Jazzmasters feel somewhat different to Strats and Teles. It’s not so much the body as the position of the neck, possibly a perception thing caused by the backwards-shifted treble-side waist. Things might have been easier if I could see the side dots, but like the clay fingerboard dots, they have darkened with age and they are somewhat camouflaged. Needless to say, it didn’t take too long to adjust and start enjoying this great-playing guitar.


The neck feels sublime. It’s sleek and fast, but not insubstantial. Down the cowboy end, it’s on the thin side of medium with an open C profile. From the third fret upwards it thickens up, with the open C beginning to round out around the ninth fret.

At the 12th, there’s a nice clubby feel and the action feels low and slinky. Having said that, this Jazzmaster is crying out for a setup and a fresh set of strings.


Fender was going for a smoother and fatter tone with the Jazzmaster, and its pickups have the shortest and widest coils of all the classic Fender pickups. In size, shape and sound, they’re closer to the P-90s most jazz guitarists were using while the Jazzmaster was in development.

Electronically, it’s like two guitars in one, with a separate ‘rhythm’ circuit and a regular control layout with master volume and tone. The rhythm circuit involves the neck pickup only and has rotary controls for volume and tone that are tucked out of the way. Compared to the regular neck pickup tone, the rhythm circuit sounds a bit muted, but this is normal.
Played clean it has a vast tonal range with pickups that can sparkle and roar. There is a more natural woodiness than you get with many Fenders, and the trem produces a hazier drift than the Strat’s. I love the way this guitar smoothes and sweetens the harshest fuzz tones and melds seamlessly into modulation for truly mesmeric effects.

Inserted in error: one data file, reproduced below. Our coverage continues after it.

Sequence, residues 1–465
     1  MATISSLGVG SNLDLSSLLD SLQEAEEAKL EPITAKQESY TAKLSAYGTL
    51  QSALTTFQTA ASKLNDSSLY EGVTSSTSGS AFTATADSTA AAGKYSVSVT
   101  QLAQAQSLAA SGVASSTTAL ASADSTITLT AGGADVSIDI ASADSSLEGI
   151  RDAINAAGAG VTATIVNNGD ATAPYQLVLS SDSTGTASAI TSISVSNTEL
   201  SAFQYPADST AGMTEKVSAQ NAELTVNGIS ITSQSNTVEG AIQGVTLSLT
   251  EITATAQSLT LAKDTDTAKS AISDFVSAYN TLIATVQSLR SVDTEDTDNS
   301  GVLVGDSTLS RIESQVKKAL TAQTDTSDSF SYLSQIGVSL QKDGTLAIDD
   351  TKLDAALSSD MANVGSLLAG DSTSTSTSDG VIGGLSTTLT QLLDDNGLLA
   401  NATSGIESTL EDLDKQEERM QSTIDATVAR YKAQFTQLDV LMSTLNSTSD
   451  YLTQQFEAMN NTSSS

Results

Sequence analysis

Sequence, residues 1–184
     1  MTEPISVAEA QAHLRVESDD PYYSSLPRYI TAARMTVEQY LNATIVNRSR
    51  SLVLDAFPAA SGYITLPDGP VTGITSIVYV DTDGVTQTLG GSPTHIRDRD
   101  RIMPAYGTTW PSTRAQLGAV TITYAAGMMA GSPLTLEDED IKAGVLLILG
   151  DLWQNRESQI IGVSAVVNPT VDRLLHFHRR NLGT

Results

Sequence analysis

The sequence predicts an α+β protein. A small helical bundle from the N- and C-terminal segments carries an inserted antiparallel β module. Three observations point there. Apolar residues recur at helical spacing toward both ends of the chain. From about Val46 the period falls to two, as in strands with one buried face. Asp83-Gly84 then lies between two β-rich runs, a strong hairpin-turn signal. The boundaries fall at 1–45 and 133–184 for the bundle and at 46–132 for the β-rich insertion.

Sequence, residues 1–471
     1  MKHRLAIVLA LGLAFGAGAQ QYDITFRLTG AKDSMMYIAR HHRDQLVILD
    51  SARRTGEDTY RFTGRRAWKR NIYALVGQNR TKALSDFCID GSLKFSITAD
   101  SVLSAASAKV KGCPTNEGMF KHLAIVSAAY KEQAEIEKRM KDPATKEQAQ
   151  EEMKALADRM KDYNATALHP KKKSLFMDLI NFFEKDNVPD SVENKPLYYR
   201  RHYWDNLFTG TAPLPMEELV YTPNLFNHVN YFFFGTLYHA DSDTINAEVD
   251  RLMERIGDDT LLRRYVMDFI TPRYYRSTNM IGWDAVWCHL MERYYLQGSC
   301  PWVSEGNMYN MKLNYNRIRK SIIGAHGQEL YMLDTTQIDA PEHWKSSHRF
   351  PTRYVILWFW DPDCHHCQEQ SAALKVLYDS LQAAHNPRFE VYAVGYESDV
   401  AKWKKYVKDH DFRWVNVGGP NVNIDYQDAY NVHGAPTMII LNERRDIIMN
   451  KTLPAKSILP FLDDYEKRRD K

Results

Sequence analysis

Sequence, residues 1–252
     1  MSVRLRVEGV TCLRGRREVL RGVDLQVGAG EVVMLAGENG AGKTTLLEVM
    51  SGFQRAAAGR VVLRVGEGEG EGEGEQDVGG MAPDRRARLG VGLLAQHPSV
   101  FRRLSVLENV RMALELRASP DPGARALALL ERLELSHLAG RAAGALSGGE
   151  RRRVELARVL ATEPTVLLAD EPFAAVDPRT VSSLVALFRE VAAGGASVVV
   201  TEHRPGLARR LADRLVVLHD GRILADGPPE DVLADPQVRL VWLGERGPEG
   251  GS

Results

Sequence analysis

I couldn’t quite decide if the middle setting was hum cancelling or out of phase, but I love the phasey quality. Both pickups are some distance from the strings, it seems likely that all the sponginess has gone from the foam spacers under the pickups.

As fantastic as this guitar sounds, it’s almost certain that I didn’t even hear the best of it. However, there’s nothing here to suggest this is anything other than a well played but cherished late-50s FenderThe frets may be low-ish, but they’re perfectly serviceable. With a new set of strings, a squirt of circuit cleaner and a dab of lube, you could be gigging this guitar tonight. If I were in the market, this Jazzmaster would tick every box.

’59 Fender Jazzmaster – Key Features

• Price £6,699
• Description Solidbody electric guitar, made in USA
• Build Alder body, bolt-on maple neck, 7.25” radius slab Brazilian rosewood fingerboard with ‘clay’ dots, 21 frets
• Hardware Vintage vibrato bridge and tailpiece with six adjustable saddles, period-correct single-line
Kluson tuners
• Electrics Two single-coil pickups, master volume and tone, three-way pickup selector switch, rhythm circuit switch with volume and tone controls
• Scale Length 647mm/25.5”
• Neck Width 42mm at nut, 52mm at 12th fret
• Neck Depth 19mm at first fret, 23.5mm at 12th fret
• String Spacing 36mm at nut, 56mm at bridge
• Weight 3.7kg/8.1lbs
• Finish Three Tone Sunburst
• Contact Cranes Music – 029 2039 8215